So using their statistical performances heading into Masters week, I then took the average PGA Tour rank of each winner over the last five years and then weighted them in my usual thumb-on-the-scale way. Par-5 scoring is way more important than age, for example, otherwise there’d be no reason to explain a 22-year-old Spieth victory in the same breath as a 38-year-old Sergio Garcia victory. (My theory: Being in love keeps you young, or having a newborn gives you the strength of youth. Basically, my point is the intangible contribution of passion wins the Masters, or there is no explanation for Jack Nicklaus in ’86.)
It seems only fitting then that my numbers would point to an experienced Masters participant, someone who, as I alluded to, has seen the dark days and now is back on form after a remarkable performance earlier this year. There’s a new smile on his face as he is happy with his game and his place, telling our Brian Wacker recently, “It’s becoming a young man’s sport, and so it’s very rewarding to be able to go up against the young guys and still compete with them.” He’s even making enough noise to be back in the Ryder Cup discussion after so many years away.
By now you know who I’m talking about, a real feel-good winner to this year’s Masters. That’s right: Paul Casey.
Disappointed? Of course you are. With every great player in the top 20 playing great, plus Tiger, we are primed for what Professor Nantz is calling the [most anticipated tournament in his 33-year career]. So having Paul Casey win is like having someone make you flummery or a Bedfordshire Clanger for your birthday dessert.
But that’s OK. I like Paul Casey. He’s got five top-10s in his 11 Masters appearances, including each of the last three years. This year, in addition to the win at Valspar, he ranks second in strokes gained tee to green. The only one that’s better? Garcia, that other happy warrior of disappointment who rode his state of relationship bliss to last year’s green jacket.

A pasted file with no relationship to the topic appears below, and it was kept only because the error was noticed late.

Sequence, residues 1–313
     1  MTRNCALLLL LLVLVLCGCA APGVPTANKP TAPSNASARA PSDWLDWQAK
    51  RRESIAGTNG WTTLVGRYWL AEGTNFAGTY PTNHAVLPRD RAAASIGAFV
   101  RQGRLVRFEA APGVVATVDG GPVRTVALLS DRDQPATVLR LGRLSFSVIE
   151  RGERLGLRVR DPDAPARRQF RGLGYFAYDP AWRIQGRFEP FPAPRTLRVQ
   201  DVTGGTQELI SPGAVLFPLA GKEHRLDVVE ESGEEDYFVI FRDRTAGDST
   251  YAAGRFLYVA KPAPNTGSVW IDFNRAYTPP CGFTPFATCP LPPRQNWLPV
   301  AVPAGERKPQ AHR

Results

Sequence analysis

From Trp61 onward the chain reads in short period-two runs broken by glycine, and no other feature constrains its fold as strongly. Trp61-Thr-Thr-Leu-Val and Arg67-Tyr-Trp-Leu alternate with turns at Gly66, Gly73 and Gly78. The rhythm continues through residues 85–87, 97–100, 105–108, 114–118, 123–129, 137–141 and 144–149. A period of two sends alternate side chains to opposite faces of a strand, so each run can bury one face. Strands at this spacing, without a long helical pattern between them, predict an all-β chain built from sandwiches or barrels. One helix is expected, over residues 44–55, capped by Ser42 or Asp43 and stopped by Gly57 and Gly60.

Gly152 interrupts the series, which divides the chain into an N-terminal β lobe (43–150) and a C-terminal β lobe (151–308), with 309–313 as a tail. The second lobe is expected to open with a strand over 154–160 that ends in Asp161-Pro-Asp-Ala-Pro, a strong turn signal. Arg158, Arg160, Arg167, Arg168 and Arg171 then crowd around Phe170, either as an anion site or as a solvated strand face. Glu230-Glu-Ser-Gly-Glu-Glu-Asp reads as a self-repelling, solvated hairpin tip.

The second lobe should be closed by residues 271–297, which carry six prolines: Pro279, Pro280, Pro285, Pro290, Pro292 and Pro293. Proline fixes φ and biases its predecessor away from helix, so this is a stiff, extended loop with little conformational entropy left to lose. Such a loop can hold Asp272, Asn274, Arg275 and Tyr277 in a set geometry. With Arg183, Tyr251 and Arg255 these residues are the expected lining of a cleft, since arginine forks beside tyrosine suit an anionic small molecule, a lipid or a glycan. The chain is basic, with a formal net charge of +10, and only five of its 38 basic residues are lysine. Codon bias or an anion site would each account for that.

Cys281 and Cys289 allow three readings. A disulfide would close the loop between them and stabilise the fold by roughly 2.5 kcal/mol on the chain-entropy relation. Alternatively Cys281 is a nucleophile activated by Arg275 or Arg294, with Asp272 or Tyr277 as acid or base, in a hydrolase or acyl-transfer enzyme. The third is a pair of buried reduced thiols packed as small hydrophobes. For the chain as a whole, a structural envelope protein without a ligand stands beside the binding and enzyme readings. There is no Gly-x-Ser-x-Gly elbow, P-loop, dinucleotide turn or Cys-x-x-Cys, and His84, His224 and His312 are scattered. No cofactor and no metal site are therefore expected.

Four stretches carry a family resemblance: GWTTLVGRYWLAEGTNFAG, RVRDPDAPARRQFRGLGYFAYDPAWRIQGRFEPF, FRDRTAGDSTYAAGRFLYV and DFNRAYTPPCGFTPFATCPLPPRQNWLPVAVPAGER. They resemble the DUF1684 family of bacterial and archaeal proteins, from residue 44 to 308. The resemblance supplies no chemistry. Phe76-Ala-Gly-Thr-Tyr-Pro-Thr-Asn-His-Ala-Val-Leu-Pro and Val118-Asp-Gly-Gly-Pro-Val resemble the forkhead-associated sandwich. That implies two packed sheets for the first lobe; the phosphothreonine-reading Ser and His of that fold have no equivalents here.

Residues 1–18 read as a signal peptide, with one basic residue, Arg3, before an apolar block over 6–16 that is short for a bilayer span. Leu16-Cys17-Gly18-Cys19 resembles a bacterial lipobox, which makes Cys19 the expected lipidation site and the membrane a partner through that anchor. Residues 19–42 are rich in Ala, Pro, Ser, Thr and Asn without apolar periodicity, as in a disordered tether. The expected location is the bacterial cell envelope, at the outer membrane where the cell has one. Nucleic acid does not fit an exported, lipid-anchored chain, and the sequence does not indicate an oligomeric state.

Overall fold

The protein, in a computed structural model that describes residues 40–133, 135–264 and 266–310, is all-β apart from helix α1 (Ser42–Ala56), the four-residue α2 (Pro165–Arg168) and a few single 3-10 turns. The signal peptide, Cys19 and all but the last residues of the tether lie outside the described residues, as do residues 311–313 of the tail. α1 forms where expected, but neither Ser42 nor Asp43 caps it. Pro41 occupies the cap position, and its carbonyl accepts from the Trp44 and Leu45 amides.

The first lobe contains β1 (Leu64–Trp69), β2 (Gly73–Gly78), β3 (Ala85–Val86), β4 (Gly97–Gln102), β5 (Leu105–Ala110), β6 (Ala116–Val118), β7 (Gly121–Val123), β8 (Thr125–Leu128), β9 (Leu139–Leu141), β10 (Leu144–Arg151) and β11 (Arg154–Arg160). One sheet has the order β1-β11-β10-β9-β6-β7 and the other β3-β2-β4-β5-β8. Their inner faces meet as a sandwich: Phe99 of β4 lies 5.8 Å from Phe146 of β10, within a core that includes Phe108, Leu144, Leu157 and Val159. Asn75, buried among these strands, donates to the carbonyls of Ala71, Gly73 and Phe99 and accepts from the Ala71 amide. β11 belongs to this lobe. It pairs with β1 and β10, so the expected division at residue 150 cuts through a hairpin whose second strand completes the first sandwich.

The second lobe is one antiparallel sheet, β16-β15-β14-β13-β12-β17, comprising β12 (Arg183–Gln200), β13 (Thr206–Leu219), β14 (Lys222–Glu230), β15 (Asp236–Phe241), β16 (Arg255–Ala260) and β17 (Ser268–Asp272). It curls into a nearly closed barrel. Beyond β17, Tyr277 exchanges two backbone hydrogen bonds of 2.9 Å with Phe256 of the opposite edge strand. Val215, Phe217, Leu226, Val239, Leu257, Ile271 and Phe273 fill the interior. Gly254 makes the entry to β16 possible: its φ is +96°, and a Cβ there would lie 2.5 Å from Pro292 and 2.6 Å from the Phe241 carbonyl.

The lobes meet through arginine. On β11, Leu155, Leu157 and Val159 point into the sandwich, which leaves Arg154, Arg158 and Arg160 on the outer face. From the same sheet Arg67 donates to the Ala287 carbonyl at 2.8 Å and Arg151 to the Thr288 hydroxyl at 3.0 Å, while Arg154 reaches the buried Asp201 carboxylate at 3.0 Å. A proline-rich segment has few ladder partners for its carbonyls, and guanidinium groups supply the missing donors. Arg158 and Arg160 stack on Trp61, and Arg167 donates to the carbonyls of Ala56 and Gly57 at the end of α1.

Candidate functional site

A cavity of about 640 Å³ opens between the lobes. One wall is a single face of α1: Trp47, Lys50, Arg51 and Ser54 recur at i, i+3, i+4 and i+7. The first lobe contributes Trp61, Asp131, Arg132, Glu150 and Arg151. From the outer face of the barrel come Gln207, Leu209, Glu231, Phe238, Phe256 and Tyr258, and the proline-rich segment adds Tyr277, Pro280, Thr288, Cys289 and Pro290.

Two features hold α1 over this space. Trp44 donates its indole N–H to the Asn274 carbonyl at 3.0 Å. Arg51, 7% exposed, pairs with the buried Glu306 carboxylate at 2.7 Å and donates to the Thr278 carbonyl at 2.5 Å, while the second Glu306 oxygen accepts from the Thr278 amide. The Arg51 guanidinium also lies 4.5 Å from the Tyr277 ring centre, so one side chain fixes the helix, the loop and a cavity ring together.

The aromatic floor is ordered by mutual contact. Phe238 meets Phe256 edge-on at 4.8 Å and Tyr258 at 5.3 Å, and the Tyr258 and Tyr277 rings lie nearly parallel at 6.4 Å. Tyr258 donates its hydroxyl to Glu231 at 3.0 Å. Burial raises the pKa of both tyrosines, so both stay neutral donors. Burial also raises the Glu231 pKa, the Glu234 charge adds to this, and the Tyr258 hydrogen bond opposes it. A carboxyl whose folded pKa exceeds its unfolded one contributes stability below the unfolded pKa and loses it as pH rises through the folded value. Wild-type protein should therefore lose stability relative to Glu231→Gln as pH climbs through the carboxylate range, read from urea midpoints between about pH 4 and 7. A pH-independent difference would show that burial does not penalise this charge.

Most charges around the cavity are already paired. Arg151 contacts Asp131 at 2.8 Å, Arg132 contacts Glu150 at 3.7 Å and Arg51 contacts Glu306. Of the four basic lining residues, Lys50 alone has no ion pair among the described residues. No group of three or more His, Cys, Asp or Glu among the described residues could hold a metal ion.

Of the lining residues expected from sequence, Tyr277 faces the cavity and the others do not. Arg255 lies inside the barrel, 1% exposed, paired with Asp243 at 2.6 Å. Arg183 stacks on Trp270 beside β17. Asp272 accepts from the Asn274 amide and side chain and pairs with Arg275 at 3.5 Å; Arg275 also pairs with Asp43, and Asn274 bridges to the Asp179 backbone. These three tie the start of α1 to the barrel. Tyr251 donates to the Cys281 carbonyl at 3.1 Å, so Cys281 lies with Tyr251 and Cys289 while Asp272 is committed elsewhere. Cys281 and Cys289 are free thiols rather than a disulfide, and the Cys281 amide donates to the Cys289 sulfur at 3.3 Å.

Casey’s coming from the same place. He’s got battle scars, from life and golf, but scars, especially those unseen, denote character in a way 99.97 percent of tattoos denote bad choices. And now he’s a happy husband and a father full of laughter.
But that’s missing the point. Forget the happy family stuff. Casey should win because in a year where every young player is playing great, a veteran winning a major is a refreshing reminder that golf’s heroes stay relevant longer than any other sport except, well, darts and yacht racing. It happened at the Masters 20 years ago when a rejuvenated Mark O’Meara won his first major at 41. It happened at the Masters 20 years before that when Gary Player beat back Father Time with a final-round 64 to win his last major at 42.
Casey is 40 and looking for a first major that most believe has passed him by. His win, should it happen, is of course only slightly less remarkable than a win by that other old guy with the new smile, the old battle scars and the current comeback. Or that other, older guy with the new smile, the battle scars and the current comeback. Or that other one...
But even my pick’s not that kind of crazy. Although, yeah, I sort of wish it was.